- Language, Culture & Communication / Applied Linguistics
- Preparing for University
- Studying Abroad
What do you do with an IELTS 8.5? An experience of an international student
What do you do with an 8.5 in IELTS?
What is my life going to be?
Several years of practice
and plenty of knowledge,
Have earned me this useless certi.
I can’t talk to the clerk
I find casual chats weird
The world is a big scary place
But somehow I can’t shake,
The feeling I might make
A difference after months of talk
(a parody to ‘What do you do with a B.A in English’ from the musical the Q Avenue)
I’ve always been pondering over why my listening and speaking skills have been deteriorating in the first several weeks here in the UK. I’m currently the holder of an IELTS band 8.5, which is considered exceptional in Vietnam considering the fact that the percentage of Vietnamese people having this band score is close to 0% (statistics taken in 2019 by ielts.org). However, I soon come to realise what months of preparation for test has failed to provide me. My language shock can be summarized by the following bullet points.
- I’m very bad at recalling and naming small things in English. For example, I was slow to recall, or didn’t even know, the English words for the cooking utensils, such as ‘turner/spatula’ or ‘strainer’. I was shocked upon realizing that it took me 15 seconds to remember the word ‘chopping board’ when I asked one of my flatmate whether or not he had one. I can make a 45-minute presentation in English about computer-assisted language learning, and here I am, struggling to find the words that could potentially feed me, help me survive in the UK.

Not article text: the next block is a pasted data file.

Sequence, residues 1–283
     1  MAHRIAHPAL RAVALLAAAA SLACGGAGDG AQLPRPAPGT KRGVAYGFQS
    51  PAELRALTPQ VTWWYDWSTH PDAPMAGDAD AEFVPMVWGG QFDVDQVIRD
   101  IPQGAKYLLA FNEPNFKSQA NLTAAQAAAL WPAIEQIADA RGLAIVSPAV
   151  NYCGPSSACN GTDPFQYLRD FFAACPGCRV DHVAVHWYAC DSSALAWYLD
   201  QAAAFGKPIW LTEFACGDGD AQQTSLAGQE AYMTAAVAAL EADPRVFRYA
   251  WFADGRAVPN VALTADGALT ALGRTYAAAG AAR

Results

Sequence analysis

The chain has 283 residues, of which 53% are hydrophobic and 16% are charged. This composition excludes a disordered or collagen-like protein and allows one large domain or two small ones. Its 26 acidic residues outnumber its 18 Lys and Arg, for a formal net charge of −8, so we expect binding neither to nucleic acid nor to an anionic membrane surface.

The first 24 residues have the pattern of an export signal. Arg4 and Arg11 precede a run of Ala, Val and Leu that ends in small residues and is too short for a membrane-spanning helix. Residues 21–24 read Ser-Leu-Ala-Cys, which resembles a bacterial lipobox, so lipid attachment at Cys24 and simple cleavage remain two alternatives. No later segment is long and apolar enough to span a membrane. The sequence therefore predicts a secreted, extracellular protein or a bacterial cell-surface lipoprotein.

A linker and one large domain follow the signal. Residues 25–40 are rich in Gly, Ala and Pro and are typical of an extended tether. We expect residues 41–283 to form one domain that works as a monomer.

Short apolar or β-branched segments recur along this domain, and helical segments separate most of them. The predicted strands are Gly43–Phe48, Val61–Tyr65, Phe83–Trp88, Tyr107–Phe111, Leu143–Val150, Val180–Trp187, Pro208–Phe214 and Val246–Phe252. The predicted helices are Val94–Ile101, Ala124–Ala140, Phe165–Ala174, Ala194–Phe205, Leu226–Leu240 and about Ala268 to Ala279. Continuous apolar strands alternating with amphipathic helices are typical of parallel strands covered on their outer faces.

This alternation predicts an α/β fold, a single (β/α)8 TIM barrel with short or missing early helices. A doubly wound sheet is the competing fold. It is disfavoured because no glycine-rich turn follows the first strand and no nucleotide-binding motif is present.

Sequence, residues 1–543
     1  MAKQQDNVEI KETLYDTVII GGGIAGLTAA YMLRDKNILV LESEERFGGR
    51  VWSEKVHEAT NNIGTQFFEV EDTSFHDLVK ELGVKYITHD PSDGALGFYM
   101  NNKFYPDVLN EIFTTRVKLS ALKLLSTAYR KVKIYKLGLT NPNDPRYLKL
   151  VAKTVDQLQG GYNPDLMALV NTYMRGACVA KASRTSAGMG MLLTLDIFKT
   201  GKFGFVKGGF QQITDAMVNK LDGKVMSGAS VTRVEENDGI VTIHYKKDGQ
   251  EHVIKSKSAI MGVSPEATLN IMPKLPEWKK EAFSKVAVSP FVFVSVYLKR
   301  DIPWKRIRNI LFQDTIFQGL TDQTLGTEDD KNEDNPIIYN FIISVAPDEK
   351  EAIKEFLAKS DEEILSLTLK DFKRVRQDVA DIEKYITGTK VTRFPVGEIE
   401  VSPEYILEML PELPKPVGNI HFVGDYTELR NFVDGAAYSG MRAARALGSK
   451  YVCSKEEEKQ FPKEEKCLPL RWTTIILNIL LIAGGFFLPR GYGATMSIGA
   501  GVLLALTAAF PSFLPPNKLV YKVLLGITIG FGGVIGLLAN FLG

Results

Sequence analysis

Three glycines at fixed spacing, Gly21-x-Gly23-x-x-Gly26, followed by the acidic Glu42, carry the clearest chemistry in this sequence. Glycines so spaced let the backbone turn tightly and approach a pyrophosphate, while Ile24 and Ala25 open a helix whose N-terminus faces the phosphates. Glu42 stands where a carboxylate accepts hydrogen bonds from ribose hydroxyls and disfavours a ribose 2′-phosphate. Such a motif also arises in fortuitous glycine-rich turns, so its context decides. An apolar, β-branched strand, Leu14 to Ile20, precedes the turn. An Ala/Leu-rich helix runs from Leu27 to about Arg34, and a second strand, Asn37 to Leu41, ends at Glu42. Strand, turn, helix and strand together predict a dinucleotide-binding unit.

- People speak at warp speed. I still needed to ask them to repeat, even on the fourth month of living here, to understand what they attempted to convey. The British’s everyday language is concise, but fast and without noticeable tones. “Would you like a bag?” is uttered in less than 1 second, and I haven’t the foggiest idea what the clerk is talking about. My IELTS Listening band score is a maximum 9, but it’s all about academic, slow and scripted language spoken with standard accents. With the-Flash sort of speech combined with international accents, the listening skill that I’m most proud of has been rendered useless.
- Different British variants of lexical items fascinate me. What I would call ‘dorm’ is now ‘hall of residence’. Another example would be this photo I took 3 days ago:
Standard textbooks teach us the popular of ‘let + Object + bare-infinitive’. So where on Earth does ‘let + past participle’ exist? After a couple of minutes taking a look at the Cambridge dictionary, I finally realized that it’s the noun form of ‘let’ meaning the act of allowing your accommodation to be rent, which is exclusively used in the UK.
Upon arriving in the UK, I would suggest that in addition to the IELTS as your language requirements, it would not hurt to have some other language repertoire up your sleeve.
- Be prepared with different accents. You may want to familiarise yourself with and embrace Chinese, Indian and Pakistani accents, as you will hear them a lot at Warwick.
- Watch some British TV shows, among which I would suggest the IT Crowd and After Life.
- Familiarise yourself with language used in signs, supermarket shelves and the likes. A quick Google Image search will help you, or else you may want to stay tuned here for more of my language posts about British signs!
That’s it for now,